“So far, it feels like we aren’t getting as much out of the year. As a part of my usual research process, I like to browse libraries for hours – it really helps to engage my brain – but we aren’t allowed to spend time in our library as per regulation. I’ve tried replicating this on Google, but it does not have the same effect.
Learning more from peers than uni
“On the other hand, our cohort group chat has never been more active. We ask each other for feedback, critique each others’ work, and set up Zoom workshops via Skillshare. Last year, it was really hard to get any of us to talk to each other in class, and now I have to turn off the notifications on our group chat because of how often we’re talking. However, it feels as if we are learning more from each other than we are from uni; it makes it hard to know that we are essentially paying over £9,000 for a Facebook messenger group chat.”
UCA Farnham Graphics: instagram.com/gdfarnham.uca
Katie Scott: “I put all my energy into making”
Katie Scott is a third year illustration and visual media student at London College of Communication
Restrictions have built problem-solving skills
“This past term has been a real challenge, but I have always enjoyed the problem-solving that comes with restrictions – you come to know your limits, but also discover new interest and ways of working. With or without the pandemic, this has always been the reality for artists – particularly when it comes to budgeting and space.
Making as a way of coping
“Over the last few months I have just put all of my energy into making, and that has really separated the sombreness of the situation for me. I feel really grateful for that. The way I work now feels very much like a freelance artist – this has actually been a valuable period of managing my time and outsourcing facilities and materials. It really prepares you for the years after higher education.
Adapting to online has been tough
“LCC has really put a lot of effort into creating online forums to help students as much as possible. The navigation around them is sometimes confusing, however it was never going to be easy to adapt so quickly. Learning online has been one of the downsides of this, as you have to articulate your work in a completely different way. I like touching and seeing work in a physical space which is a beautiful dichotomy in the digital world we live in today. We’re only allowed on campus two days a week, and having limited periods with technicians has also been a huge strain in my final year.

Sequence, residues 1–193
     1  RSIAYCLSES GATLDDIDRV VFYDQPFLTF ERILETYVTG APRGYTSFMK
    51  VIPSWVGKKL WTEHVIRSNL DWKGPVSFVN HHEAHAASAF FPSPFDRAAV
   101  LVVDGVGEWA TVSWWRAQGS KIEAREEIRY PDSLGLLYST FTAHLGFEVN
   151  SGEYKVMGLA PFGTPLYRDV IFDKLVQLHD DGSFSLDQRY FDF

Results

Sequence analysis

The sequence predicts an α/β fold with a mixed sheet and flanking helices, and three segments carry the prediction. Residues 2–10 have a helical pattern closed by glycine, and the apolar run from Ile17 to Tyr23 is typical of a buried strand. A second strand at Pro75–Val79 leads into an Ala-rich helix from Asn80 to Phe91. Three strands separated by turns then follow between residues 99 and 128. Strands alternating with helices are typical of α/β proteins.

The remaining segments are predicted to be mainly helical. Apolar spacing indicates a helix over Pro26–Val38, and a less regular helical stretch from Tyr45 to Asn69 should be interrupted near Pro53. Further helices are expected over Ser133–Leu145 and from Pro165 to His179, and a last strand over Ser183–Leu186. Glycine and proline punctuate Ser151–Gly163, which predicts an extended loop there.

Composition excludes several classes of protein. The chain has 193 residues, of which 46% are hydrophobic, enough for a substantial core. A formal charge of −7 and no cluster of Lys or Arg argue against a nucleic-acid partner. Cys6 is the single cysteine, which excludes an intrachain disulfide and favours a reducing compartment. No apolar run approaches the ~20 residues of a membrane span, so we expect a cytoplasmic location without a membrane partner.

Preparing for a no-show graduation
“The prospect of leaving university without having a physical degree show is something I will be a little disappointed about. It’s really valuable to have the industry exposure and it’s also something really special to look back on. Despite this, I am making plans to showcase my film and photography work without university as a vehicle.
“I’m trying to adopt a more ‘can-do’ approach and not feel too confined by thinking about what the future holds, which we can never be truly certain of. I’m very lucky to be where I am and have what I have – that should be enough for the time being. These kinds of affirmations are so important to remind yourself in the day-to-day.
Unis would benefit from more external collaborations
“I think that restrictions and the limited access to university will be detrimental over a long period of time. Perhaps institutions across the board should be looking at partnerships with external businesses to provide workshops and opportunities with creative spaces. It would be lovely to see students and institutions working together at this time, sharing knowledge and valuable resources.”
Written by Creative Lives in Progress